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MercyMe: Spotlight on Worship

By Tim Branson
The 700 Club BART MILLARD: We try to do everything that we can to make Christ the center of attention. Our goal is to kind of broaden the definition of worship. I know that God has always used us as a forefront for people to draw closer to Him and get into His presence.

ROBBIE SHAFFER: I think more than anything, the way we write musically and especially lyrically just kind of comes from an overflow of our lifestyle.

TIM BRANSON (reporting): MercyMe is a group of unlikely musicians whose song "I Can Only Imagine" thrust them from obscurity into the frontlines of Christian, worship music.

JIM BRYSON: Stylistically, people say pop/rock, or rock/pop. It is pretty much along that vein. We used to think we were Cajun/country, but not really.

MIKE BRYSON: We used to think we were a rock band until we started touring with bands like Audio Adrenaline.

JIM: We’re the AC poster boys.

BART: We’re like the Tom Jones.

TIM BRANSON (reporting): The band formed in 1994 when singer/ songwriter Bart Millard teamed up with guitarist Mike and keyboardist Jim Bryson. The trio later added Robbie Shaffer on drums and Nathan Cochran on bass. They became the classic, struggling band. Their goals were sometimes less than idealistic…

JIM: to eat, to pay the bills on time, and not have the gas shut off when we come home, which happened.

TIM BRANSON (reporting): Six years and six records later, MercyMe remained virtually unknown. But that changed with the release of a song that swept through the Christian music market: "I can only imagine." Bart Millard wrote the song in 1999, eight years after his father died of cancer. He was inspired by some of his father’s last words.

BART: He used to always remind me that I was kind of getting the wrong end of the deal because I had to stick around here. I remember right after he died everyone used to tell me, 'If your dad could choose, he’d rather be in heaven than here.' As a believer, I understood that, but as an 18-year-old, it was pretty hard to swallow.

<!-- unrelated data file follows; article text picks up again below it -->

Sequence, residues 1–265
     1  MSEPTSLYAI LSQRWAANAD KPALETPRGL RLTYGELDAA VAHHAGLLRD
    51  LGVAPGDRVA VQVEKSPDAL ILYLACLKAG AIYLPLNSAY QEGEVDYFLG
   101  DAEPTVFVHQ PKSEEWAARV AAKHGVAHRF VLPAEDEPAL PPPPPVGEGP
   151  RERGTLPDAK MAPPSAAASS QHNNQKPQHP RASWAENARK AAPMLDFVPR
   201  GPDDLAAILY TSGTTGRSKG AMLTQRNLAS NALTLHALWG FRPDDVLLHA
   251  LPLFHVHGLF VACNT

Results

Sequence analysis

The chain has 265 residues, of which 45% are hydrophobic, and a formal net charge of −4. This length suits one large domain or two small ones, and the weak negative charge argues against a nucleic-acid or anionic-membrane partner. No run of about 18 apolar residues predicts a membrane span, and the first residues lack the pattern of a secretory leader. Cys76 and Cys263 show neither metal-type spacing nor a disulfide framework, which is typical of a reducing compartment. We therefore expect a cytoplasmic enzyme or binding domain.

TIM BRANSON (reporting): "I can only imagine" hit No. 1 and could even be heard on secular radio. Fueled by the song’s success, their debut album, Almost There, went gold in less than a year. In 2002 the song earned the band three Dove awards, including Song of the Year. MercyMe doesn’t see themselves as primarily a rock band, but as worship leaders. Their success has brought an added sense of purpose to that role.

NATHAN COCHRAN: It has definitely made us more aware of probably why we should do what we do. We have always had a mindset of everything we do glorifying God, but because now it is on a bigger level and we’re right in front of people’s faces all the time, we’re making efforts to make that much more sure that our hearts and our minds are in the right place.

ROBBIE: People are asking us what our secret is, and there is not really a secret other than we’ve just been very faithful with what God has given us. We’re going to continue doing that because if His glory isn't received out of anything we do on stage, we shouldn’t have been there and we shouldn’t have been trying. Our job wasn’t completed.

TIM BRANSON (reporting): The band’s popularity continues to grow. Their second CD, Spoken For, has done nearly as well as the first. But the bottom line for MercyMe is not record sales or awards it is, and always has been, about putting their focus on God.

MIKE: [Our goal is] to do things that are going to lift Him up and glorify Him and not bring attention to ourselves as much as we do to Him in whatever success we have, on whatever level it is. I think for MercyMe, as long as we constantly remind ourselves of that and embrace that and look to the future of where God’s going to take us, I think that’s one of the biggest aspects of worship we can do.

BART: I am just sitting back and trying to take in the idea that the God who created everything around us, He didn’t call the mountains or the forest or the ocean to spend eternity with Him, but He called us. It will boggle your mind. I mean, you could spend the rest of your life pondering that a God that is so huge would be crazy in love with us to the point that on the day of judgment, Christ would step out and say, 'This is mine.'

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